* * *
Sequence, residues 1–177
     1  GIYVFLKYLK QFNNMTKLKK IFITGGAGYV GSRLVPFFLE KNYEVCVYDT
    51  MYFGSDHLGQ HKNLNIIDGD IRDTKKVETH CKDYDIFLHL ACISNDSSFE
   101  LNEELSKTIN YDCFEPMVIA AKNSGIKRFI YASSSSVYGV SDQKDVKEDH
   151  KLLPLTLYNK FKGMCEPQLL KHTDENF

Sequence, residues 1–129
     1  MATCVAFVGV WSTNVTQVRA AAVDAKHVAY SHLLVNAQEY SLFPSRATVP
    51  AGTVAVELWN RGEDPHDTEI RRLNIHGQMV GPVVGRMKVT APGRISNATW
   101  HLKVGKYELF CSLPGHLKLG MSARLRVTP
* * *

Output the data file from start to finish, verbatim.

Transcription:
Sequence, residues 1–177
     1  GIYVFLKYLK QFNNMTKLKK IFITGGAGYV GSRLVPFFLE KNYEVCVYDT
    51  MYFGSDHLGQ HKNLNIIDGD IRDTKKVETH CKDYDIFLHL ACISNDSSFE
   101  LNEELSKTIN YDCFEPMVIA AKNSGIKRFI YASSSSVYGV SDQKDVKEDH
   151  KLLPLTLYNK FKGMCEPQLL KHTDENF

Sequence, residues 1–129
     1  MATCVAFVGV WSTNVTQVRA AAVDAKHVAY SHLLVNAQEY SLFPSRATVP
    51  AGTVAVELWN RGEDPHDTEI RRLNIHGQMV GPVVGRMKVT APGRISNATW
   101  HLKVGKYELF CSLPGHLKLG MSARLRVTP